On Fridays, I post excerpts from the writings of the great American bishop and media evangelist, Ven. Fulton J. Sheen. I call them #FultonFridays.
“I have a bad temper,” or “I drink too much”—“”I am always criticizing,” or “I am lazy” are familiar complaints from those who still believe that nobility of character is an important goal. They would not make such admissions if they did not have a strong desire to break the chain of evil habits. They can realize this desire—any bad habit can be broken. But getting free of it requires four things:
Introspection is necessary in order that we shall isolate the habit and see it clearly as a sin. The surprise we feel when others criticize some fault in us proves that we have not practiced introspection sufficiently to know ourselves. Some people are afraid ever to look into their consciences, for frear of what they might find; they are like the other cowards who dare not open telegrams because they dread bad news.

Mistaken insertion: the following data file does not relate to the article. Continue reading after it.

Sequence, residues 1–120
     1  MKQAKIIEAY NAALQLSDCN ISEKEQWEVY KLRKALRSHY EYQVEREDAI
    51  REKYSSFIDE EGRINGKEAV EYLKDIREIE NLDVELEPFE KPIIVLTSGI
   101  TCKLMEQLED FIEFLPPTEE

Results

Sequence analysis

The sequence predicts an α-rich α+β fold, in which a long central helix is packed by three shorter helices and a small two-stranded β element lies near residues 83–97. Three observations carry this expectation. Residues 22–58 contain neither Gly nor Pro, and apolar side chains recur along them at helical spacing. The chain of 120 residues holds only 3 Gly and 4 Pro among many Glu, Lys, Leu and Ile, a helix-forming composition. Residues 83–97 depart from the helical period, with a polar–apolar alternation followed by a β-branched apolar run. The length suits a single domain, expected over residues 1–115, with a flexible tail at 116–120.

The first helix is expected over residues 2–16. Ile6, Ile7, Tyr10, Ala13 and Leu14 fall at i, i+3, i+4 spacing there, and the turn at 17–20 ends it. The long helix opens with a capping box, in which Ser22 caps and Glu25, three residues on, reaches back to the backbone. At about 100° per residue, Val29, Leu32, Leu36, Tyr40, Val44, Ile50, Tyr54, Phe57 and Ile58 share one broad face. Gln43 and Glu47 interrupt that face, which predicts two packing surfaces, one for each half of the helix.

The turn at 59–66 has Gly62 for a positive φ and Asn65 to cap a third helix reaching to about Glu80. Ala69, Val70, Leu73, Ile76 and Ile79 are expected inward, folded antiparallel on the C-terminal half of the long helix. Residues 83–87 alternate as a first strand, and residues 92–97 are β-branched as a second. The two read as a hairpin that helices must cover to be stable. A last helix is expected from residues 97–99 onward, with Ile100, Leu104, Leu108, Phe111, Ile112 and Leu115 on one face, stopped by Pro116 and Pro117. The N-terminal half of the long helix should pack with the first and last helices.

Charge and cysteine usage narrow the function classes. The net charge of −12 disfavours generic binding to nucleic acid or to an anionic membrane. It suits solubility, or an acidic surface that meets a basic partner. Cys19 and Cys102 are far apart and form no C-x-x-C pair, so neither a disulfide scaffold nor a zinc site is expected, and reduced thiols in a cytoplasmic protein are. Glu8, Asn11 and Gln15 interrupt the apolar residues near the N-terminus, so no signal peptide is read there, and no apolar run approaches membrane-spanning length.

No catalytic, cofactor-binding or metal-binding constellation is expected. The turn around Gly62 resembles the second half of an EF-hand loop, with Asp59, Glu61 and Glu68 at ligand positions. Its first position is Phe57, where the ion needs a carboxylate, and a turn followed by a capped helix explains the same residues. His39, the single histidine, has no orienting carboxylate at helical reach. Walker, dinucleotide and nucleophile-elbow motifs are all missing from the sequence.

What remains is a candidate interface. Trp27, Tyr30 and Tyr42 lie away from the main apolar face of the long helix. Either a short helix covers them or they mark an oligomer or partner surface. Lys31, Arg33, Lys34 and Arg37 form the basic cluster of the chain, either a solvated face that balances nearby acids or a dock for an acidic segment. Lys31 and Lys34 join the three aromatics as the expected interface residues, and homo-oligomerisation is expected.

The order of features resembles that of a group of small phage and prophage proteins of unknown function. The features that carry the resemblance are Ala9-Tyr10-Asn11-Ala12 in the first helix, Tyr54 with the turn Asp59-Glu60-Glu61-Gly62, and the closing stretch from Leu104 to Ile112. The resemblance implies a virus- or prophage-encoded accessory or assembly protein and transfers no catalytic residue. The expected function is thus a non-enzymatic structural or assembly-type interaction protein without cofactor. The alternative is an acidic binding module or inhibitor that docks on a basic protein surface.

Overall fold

But introspection is to the soul what diagnosis is to the body—the first necessary step toward health. The prodigal son “entered into himself” before he was able to resolve to admit his mistakes to his father. Turning the search-light of attention upon ourselves shows us the vice or evil habit which requires correction; it makes us see ourselves not as we wish we were, bus as we really are.
Avoiding the occasions of sin is the easiest way of avoiding sin itself. The way to keep out of trouble is to keep out of the situations that lead up to trouble: the man who gets burned whenever he is near a fire had better eschew fires. The alcoholic must void the first sip of the first drink; the libertine must keep away from pretty women, the